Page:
For the record, this winter we’ve had between 10 and 16 species in the yard on a daily basis.

The Great Backyard Bird Count takes place every February (in 2019, it will take place from the 15 – 18). For more information, visit here, or visit Ebird here.

Wild turkeys in our yard, 10-14-02

Walt Disney World, 9-19-07

Mallards at Down the Hatch, 8-7-10

Mallards Down the Hatch 8-7-10

Orson, World’s Fattest House Finch 10-13-13

Great-tailed grackle, Austin, 08-18-14

Great-Tailed Grackle Austin 8-18-14

Bartleby the Tufted Titmouse, 3-21-15

This little guy had a broken wing, so Nathan rescued him. We kept him overnight in our guest bathroom (away from our cats) until we could bring him to a wildlife rescue center — Wildlife in Crisis — in nearby Weston. We are happy to report they were able to save him.

Barred owl in our yard, 9-9-16

Barred Owl 9-9-16

Red-tailed hawk, 10-23-16

Black-capped chickadees, 7-12-17

We had to get rid of our citronella candles, because we were afraid these little guys were trying to get at the dead bugs trapped in the wax, and we were afraid the wax would hurt them.

Chickadees 7-12-17

Savannah, 2-22-18 – 2-27-18

Some of our backyard residents, Winter 2018

Mute swan, outside the Maritime Aquarium at Norwalk, 3-11-18Mute Swan Maritime 3-11-18

Fattypants the Carolina Wren, 3-30-18


About kristipetersenschoonover

A ghost story writer who still sleeps with the lights on, Kristi Petersen Schoonover’s fiction has appeared in many magazines and anthologies; her traditionally published books include a short story collection, THE SHADOWS BEHIND. She was the recipient of three Norman Mailer Writers Colony Residencies and holds an MFA in Creative Writing from Goddard College. She serves as co-host of the DARK DISCUSSIONS podcast, as founding editor of the dark literary journal 34 ORCHARD, and is a member of both the New England Horror Writers and the Horror Writers Association. Follow her adventures at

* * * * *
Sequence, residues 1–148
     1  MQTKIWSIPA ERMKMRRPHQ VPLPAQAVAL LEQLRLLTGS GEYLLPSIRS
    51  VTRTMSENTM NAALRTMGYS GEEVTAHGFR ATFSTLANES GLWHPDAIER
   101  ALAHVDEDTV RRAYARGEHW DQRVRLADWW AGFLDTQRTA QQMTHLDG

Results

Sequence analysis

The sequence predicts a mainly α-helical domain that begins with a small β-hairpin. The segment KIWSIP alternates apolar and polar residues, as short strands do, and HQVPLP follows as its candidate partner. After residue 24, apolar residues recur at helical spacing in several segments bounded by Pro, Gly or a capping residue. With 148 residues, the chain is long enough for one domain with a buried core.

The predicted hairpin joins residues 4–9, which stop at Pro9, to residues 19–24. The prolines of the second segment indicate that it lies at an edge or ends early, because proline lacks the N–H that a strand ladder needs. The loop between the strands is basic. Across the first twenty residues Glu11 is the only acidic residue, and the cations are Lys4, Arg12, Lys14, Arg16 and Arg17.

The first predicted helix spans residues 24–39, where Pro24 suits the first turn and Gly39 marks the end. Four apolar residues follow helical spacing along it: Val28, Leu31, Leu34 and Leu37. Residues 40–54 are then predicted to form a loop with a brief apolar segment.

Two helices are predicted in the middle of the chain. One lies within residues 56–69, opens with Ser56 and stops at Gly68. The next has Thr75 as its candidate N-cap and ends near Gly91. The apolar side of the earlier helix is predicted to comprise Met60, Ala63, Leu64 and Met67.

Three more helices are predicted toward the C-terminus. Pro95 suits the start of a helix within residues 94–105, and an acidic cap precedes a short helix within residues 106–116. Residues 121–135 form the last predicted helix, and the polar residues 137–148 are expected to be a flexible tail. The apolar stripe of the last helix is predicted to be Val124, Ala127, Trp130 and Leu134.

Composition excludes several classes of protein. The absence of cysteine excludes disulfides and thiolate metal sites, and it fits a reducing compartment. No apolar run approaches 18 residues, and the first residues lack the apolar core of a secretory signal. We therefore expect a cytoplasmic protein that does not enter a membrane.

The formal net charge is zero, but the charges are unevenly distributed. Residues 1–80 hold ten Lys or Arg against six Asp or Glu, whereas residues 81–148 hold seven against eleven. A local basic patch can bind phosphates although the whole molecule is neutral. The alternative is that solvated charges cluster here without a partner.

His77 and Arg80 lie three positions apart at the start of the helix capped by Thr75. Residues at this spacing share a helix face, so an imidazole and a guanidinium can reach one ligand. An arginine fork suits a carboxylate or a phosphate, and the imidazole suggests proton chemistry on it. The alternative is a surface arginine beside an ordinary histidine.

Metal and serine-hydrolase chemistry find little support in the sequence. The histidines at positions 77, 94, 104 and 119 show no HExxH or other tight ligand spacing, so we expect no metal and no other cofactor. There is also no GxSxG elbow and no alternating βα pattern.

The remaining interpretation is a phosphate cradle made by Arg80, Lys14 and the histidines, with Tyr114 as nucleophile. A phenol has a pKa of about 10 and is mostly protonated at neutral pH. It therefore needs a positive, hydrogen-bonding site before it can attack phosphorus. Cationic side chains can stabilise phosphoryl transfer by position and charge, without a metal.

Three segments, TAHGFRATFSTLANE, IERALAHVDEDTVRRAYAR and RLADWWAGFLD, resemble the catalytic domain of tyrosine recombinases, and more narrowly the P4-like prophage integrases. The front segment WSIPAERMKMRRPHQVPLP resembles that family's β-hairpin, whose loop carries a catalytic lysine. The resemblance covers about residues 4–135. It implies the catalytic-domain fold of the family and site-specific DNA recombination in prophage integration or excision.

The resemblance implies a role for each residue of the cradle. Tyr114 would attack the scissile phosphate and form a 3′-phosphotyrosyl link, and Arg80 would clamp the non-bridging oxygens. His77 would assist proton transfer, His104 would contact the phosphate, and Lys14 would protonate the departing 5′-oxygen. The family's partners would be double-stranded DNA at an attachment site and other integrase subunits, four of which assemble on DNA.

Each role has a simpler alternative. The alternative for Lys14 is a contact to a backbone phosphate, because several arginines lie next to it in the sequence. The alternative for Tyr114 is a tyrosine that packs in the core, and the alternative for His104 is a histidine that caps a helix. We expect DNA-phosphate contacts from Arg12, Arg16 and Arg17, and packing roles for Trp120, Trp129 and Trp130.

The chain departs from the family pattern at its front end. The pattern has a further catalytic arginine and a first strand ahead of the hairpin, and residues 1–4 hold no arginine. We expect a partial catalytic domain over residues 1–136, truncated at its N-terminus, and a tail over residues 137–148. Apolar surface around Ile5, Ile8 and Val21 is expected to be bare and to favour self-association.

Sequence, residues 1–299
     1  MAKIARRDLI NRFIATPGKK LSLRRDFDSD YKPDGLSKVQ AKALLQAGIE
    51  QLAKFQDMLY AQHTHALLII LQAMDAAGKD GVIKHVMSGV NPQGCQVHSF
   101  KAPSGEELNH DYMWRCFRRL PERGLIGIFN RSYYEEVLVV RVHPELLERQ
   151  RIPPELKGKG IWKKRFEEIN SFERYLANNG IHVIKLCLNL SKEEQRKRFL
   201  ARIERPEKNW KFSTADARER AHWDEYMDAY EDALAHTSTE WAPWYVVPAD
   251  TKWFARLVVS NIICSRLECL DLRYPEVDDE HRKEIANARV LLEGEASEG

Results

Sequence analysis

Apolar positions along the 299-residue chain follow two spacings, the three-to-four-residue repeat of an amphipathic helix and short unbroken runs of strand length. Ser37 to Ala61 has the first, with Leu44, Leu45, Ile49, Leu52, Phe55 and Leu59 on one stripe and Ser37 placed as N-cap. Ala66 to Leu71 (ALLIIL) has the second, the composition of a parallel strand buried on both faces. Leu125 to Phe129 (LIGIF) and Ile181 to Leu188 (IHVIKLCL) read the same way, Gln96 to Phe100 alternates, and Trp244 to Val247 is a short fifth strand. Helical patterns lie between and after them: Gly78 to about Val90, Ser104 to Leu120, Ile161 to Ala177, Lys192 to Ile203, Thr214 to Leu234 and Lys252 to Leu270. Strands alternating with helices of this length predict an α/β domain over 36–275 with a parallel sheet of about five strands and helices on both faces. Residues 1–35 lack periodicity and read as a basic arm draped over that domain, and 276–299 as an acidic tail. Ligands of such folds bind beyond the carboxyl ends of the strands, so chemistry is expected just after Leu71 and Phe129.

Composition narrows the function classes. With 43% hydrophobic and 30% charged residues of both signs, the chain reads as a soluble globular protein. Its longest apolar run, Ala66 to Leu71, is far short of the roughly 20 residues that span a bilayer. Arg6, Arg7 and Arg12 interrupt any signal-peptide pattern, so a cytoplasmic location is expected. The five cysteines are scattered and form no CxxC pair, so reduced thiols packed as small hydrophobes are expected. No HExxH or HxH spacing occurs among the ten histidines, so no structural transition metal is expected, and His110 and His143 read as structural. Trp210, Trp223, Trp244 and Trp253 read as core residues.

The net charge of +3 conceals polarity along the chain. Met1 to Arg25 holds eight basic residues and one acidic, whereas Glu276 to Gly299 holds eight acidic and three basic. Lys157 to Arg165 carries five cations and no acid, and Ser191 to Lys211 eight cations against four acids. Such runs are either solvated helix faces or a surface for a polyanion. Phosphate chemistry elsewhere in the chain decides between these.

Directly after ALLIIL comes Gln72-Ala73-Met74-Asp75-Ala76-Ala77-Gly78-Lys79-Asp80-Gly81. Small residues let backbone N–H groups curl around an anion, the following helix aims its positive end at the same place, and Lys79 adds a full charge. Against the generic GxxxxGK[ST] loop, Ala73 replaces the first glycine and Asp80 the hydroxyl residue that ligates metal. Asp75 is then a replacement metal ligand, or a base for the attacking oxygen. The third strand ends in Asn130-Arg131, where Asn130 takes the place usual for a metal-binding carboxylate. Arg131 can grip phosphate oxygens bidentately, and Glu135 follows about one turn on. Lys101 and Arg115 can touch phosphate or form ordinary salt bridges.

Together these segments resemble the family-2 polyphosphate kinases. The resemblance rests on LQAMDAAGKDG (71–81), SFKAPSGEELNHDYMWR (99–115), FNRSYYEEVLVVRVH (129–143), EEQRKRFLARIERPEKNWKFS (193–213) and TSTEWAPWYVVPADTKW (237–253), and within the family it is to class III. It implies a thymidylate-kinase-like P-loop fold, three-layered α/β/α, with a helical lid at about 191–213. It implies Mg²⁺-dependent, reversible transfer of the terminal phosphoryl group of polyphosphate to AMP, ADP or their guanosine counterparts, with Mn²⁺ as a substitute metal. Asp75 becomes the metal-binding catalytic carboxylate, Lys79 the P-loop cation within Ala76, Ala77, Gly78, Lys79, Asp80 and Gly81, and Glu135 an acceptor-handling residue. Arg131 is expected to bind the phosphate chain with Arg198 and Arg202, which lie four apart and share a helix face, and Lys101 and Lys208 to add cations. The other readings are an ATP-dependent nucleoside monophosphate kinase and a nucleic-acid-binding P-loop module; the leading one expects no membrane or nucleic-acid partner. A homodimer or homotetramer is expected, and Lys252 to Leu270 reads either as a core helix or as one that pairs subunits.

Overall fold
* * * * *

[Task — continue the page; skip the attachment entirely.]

Posted on April 2, 2018, in Deep Thoughts & Fun Stuff and tagged , , . Bookmark the permalink. 2 Comments.

  1. Kristi, I recently downloaded the Cornell website and it’s wonderful! Moved from a place of many trees and much water to a high desert environment with dwarf trees (truly the name I learned from articles about the area-we are in the shadow of the great Sierras so our trees are mostly small). I thought I wouldn’t see or hear birds, but they are strong! Biggest group in our yard is Cedar Waxwings! Cutest ever tufts!

    • Isn’t that awesome??? Yeah, I LOVE the Cornell website. The backyard bird counts are the best — in February, and then there are two global big days, one in May and one in October. You basically just count the birds in your yard. It’s so much fun! A desert environment sounds awesome. I did some birdwatching in Austin, TX, but that’s more Hill Country than desert. Cedar Waxwings are lovely — we have them here, but not abundantly (at least not in our neck of the woods). Happy birdwatching!